(Bloomberg) -- Soybean imports by China, the top buyer, tumbled in June and in the first half as African swine fever slashed hog herds and cut demand for feed. Private Chinese companies are still not buying U.S. supplies because of 25% retaliatory tariffs on American imports imposed as part of the trade war.
- China bought 6.51 million tons of soybeans last month, down from 7.36 million tons in May and from 8.70 million in June last year, according to official customs data.
- First-half imports fell 15% from a year earlier to 38.27 million tons.
- The U.S. trade war is clearly taking its toll. While state-owned companies have bought some American soybeans this year, private firms have stayed away, deterred by the retaliatory trade tariffs.
- In May, the last month for which a breakdown is available, the U.S. supplied about 980,000 tons, out of total imports of 7.36 million, while Brazil shipped more than 6 million tons to the Asian country.
- President Donald Trump has complained that China hasn’t increased its purchases of farm products, a promise he said was secured at a meeting with the country’s president, Xi Jinping, at the Group of 20 summit last month.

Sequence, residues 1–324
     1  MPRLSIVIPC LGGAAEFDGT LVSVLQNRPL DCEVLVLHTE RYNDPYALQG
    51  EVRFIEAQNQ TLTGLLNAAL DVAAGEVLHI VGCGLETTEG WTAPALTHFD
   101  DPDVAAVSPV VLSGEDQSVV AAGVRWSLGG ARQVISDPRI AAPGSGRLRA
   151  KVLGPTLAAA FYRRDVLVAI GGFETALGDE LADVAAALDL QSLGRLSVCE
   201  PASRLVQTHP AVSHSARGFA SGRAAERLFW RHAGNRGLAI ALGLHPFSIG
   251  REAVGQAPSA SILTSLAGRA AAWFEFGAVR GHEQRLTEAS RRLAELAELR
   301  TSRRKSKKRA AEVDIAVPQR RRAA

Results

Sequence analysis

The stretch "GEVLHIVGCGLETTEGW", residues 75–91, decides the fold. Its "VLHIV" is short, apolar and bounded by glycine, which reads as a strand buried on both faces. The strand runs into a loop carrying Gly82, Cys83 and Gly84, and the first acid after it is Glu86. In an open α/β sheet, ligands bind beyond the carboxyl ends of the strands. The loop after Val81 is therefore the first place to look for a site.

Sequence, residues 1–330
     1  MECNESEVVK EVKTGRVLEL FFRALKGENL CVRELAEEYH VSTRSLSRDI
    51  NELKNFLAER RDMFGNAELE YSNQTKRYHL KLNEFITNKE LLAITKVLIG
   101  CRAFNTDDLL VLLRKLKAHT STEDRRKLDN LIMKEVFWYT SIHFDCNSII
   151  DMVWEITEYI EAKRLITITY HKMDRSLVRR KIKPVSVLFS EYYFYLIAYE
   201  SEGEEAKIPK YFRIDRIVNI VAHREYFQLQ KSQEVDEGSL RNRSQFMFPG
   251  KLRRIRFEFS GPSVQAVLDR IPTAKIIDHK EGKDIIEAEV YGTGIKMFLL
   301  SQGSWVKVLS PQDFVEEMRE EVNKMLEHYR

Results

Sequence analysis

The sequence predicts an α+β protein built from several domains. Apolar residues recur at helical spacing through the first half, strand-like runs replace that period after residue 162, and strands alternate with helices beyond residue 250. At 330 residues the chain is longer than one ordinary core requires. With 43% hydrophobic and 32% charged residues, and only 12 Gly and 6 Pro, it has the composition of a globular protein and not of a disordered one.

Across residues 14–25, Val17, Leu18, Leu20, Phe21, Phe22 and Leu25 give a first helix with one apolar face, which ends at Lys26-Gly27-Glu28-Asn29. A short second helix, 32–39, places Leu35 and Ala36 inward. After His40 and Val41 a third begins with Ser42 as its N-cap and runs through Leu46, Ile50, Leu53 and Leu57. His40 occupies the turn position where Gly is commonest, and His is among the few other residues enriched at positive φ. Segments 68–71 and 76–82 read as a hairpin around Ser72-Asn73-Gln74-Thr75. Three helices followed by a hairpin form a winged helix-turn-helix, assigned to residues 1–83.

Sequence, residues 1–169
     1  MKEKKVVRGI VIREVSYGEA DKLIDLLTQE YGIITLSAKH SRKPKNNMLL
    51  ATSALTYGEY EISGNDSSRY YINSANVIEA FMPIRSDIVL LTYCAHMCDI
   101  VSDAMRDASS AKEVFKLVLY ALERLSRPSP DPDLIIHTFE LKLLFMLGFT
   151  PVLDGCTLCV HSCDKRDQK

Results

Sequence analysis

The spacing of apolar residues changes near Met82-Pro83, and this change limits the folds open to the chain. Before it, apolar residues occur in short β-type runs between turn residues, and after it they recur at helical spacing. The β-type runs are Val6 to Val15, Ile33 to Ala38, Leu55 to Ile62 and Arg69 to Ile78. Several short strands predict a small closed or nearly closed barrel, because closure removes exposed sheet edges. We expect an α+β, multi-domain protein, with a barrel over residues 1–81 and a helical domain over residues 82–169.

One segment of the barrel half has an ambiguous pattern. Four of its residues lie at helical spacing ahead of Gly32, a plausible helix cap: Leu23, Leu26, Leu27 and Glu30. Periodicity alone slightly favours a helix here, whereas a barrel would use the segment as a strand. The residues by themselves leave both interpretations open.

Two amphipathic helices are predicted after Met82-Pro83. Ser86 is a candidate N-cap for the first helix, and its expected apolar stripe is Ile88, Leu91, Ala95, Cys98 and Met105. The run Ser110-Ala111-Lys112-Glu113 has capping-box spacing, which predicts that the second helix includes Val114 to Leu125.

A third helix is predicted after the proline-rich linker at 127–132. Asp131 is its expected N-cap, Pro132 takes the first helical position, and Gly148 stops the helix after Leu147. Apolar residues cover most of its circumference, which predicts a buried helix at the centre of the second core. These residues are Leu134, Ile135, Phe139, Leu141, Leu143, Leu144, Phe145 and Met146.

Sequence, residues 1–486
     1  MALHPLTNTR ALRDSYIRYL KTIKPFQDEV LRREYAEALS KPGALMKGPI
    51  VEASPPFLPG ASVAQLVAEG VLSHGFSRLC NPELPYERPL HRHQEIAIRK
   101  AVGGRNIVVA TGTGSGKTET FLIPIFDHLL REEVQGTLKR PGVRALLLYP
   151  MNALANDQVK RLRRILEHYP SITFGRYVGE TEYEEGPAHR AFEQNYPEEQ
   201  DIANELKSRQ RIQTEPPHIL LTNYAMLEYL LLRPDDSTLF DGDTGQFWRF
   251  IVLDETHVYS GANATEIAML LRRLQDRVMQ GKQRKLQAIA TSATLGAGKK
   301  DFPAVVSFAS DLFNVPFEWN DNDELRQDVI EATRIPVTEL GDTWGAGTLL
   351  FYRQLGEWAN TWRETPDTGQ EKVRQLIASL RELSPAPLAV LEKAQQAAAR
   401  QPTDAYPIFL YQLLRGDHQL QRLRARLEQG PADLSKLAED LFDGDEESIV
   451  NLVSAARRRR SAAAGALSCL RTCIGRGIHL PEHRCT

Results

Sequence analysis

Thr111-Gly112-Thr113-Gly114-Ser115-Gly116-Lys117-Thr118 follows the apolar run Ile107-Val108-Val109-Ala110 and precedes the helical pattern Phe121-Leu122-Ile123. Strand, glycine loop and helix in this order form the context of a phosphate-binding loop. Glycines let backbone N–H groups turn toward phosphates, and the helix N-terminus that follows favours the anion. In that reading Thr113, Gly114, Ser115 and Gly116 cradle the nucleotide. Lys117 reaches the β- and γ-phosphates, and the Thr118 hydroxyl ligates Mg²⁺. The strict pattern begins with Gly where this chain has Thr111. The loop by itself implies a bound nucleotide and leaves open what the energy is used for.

- Data released Thursday by the U.S. Department of Agriculture indicate that China actually slowed its purchases of American agriculture products following the G-20 meeting. China bought 127,800 tons of U.S. soybeans last week, the equivalent of about two cargoes and a 79% reduction from the previous week.
- Edible vegetable oil imports in June were 805,000 tons, bringing the total in the first half to 4 million tons, 44% higher than a year earlier, customs data show.
- The Agriculture Ministry’s outlook committee and the government’s think-tank have left estimates for this year’s soybean imports unchanged in recent reports
To contact Bloomberg News staff for this story: Niu Shuping in Beijing at firstname.lastname@example.org
To contact the editors responsible for this story: Anna Kitanaka at email@example.com, James Poole
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